We went for a stroll in Cahors the other day and happened upon a store specialising in local produce: mainly Cahors wine, olive oil, foie gras, rillettes, and beer.
I’m a big fan of beer (although as a girl in France I risk social pariah status every time I order one), and I’m always up for testing some of the local stuff when I happen upon it.
In this case the local stuff is called Ratz and is brewed in Cahors. The white beer got a bronze medal in the 2016 Concours General Agricole, the annual celebration organised by the French Ministry of Agriculture which celebrates the best French produce. That was good, although not as good as the ‘blonde’ (lager or light ale) which has a lovely hoppy taste and is quite strong (6%), which in my opinion makes it better from a taste point of view. That one got the bronze in the 2013 Concours General Agricole.
Both are from the organic range, which is not why I bought them. They just happened to be the only ones sold in the shop, which I suspect sells a lot of stuff to holidaying Parisians who are in general obsessed with anything organic.
I stumbled on an article about he Ratz brewery in the local paper the day after buying the beer and learnt that they’ve been going for 15 years now. The brand seems pretty well known in the region; the beer is distributed in bars and supermarkets there as well as by local wine sellers.
Just a shame the article didn’t feature more info on the founder Christophe Ratz, I would have liked to know more about what motivated him to start up his brewery and why in Cahors, as the Lot is not an area I associate with beer.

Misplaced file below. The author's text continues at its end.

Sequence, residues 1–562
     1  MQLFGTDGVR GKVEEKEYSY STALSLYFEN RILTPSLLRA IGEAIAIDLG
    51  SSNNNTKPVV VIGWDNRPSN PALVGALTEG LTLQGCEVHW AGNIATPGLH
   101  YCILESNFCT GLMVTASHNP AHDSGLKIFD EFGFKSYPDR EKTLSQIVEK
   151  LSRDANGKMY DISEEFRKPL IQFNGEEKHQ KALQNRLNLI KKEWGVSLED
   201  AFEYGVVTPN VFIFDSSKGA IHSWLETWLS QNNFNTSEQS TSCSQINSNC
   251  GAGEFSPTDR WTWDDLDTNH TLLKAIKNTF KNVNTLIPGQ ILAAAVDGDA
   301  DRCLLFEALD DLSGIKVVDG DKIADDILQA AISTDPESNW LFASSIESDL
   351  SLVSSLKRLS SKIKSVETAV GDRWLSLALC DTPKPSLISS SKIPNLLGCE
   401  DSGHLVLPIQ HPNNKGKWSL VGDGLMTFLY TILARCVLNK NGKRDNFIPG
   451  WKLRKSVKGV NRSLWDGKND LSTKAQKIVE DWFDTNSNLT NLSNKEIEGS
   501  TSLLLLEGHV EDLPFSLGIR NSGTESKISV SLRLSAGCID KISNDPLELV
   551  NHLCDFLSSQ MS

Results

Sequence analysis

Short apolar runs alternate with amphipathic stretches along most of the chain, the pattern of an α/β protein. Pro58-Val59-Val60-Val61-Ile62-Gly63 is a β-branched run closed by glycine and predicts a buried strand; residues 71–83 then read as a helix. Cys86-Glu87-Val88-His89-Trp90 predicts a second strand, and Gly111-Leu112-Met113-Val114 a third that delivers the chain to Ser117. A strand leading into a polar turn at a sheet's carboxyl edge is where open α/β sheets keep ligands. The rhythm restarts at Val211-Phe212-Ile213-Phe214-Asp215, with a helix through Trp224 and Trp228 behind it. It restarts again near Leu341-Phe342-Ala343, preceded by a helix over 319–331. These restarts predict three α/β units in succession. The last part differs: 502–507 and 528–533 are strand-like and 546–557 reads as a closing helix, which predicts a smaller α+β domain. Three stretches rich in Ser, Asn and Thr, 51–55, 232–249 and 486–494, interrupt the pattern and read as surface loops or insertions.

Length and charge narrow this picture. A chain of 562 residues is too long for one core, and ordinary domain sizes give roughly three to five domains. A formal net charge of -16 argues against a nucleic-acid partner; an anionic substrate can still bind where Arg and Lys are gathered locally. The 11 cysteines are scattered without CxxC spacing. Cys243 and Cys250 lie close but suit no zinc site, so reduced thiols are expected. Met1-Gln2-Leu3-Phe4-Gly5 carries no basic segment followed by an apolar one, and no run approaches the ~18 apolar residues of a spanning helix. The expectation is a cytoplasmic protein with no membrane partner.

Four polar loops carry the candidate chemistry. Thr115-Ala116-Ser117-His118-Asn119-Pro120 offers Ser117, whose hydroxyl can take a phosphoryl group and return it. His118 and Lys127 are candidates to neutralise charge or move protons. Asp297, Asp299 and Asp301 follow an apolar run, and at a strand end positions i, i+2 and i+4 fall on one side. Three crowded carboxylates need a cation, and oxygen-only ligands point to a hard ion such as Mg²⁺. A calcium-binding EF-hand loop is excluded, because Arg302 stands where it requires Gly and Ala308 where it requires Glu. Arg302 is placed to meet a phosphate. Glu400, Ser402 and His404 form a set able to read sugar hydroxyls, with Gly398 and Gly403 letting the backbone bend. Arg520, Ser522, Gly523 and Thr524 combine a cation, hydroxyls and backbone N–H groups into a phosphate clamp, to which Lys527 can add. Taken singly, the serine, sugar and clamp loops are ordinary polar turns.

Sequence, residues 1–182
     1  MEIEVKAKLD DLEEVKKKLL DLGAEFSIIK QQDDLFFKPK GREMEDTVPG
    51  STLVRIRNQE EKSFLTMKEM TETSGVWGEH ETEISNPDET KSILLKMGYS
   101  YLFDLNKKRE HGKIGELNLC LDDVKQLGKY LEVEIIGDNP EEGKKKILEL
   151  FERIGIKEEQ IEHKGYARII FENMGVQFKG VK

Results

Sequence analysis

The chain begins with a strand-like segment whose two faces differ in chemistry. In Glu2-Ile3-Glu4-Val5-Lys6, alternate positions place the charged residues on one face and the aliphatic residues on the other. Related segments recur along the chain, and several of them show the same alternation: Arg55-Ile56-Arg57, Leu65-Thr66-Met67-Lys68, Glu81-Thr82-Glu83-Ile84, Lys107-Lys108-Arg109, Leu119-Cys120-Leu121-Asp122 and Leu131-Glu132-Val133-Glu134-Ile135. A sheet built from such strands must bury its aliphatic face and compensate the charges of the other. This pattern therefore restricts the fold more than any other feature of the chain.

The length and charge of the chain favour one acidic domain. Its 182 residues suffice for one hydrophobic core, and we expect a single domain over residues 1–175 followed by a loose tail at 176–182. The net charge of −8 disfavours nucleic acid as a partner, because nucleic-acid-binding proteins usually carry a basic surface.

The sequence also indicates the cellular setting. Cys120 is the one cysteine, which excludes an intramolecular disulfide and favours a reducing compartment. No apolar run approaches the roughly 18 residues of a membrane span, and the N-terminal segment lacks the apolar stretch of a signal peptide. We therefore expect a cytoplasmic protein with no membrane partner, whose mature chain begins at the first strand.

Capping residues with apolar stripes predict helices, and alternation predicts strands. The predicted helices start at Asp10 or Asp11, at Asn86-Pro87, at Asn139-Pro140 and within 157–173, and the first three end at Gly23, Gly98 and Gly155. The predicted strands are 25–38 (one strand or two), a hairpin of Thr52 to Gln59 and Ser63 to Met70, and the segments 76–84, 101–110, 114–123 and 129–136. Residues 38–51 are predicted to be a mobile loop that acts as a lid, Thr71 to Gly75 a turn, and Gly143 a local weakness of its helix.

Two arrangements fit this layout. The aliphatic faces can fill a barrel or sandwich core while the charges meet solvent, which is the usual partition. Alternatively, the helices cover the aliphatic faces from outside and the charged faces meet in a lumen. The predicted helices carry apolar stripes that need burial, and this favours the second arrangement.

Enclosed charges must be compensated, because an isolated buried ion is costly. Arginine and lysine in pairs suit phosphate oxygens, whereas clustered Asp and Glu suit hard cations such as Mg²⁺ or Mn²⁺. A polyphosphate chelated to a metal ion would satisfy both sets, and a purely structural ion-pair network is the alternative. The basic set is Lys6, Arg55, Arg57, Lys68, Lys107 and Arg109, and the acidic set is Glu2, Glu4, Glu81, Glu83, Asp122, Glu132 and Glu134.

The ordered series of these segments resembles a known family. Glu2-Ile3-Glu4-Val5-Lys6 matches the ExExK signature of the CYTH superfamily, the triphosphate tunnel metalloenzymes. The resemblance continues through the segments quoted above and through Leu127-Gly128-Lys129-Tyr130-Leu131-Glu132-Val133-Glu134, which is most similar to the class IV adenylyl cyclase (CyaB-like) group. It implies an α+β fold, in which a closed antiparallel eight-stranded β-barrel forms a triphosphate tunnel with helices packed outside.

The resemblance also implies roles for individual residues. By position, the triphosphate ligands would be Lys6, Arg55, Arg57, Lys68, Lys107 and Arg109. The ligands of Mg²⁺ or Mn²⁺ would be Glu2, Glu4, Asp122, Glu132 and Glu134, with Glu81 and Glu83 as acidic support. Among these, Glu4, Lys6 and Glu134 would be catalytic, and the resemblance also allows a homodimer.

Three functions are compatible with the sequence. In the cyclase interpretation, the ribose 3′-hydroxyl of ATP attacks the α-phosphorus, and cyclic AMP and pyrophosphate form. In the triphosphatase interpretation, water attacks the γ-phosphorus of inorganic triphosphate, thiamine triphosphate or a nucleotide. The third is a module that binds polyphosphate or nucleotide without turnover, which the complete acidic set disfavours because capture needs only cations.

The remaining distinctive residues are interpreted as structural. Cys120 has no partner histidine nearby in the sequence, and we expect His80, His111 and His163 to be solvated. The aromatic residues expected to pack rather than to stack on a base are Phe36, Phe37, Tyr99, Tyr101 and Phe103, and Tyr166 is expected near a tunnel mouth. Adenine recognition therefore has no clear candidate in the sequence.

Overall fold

In any case I’ll look out for Ratz now I’m back in Paris.
I bought what are essentially blueberries in vinager last year during a stay in Alsace and Les Vosges. If I’m honest I forgot I had them, hence the delay in eating them.
While visiting a place called Saales we were introduced to Jean Vogel who has his own fruit farm there. Really nice guy and very keen on showing people round the farm. As a result we bought loads of stuff made on site, including jams and fruit juices and these blueberries which are lovely eaten with meat, in salads etc.
Here’s what the salad looked like (before I added the dressing) – a mixture of avocado, watercress, lettuce, red chicory, parmesan, bulgar wheat and chopped parsley:
So two friends decided to buy me a grow-your-own oyster mushroom kit for Christmas. And it’s brilliant.
Yellow oyster mushrooms by Prêt à Pousser
This one’s by Prêt à Pousser who provide different colours of oyster mushroom including pink, yellow and grey.
You receive what looks like a brick of Semtex complete with plastic covering, both of them inside a cardboard box that you put on a shelf somewhere (you get an instruction booklet too). You make a slit in the plastic and then give the brick a few squirts every day for 10-15 days, and end up with the result in the photo.
It was great to watch the mushrooms sprouting up from about day 10, and then mature over the next 5 or so days until they’re ready to pick.
I followed the recipe (in French) that came in the instruction booklet and made a really nice persillade this evening with the first crop (but ate it before realising I hadn’t taken a photo) – just the mushrooms chopped up and cooked in a frying pan with garlic and parsley. The second crop (there’s a second one!) will go into a risotto.
Would highly recommend for anyone who is into food and likes knowing where it comes from but doesn’t have access to a garden to grow their own stuff.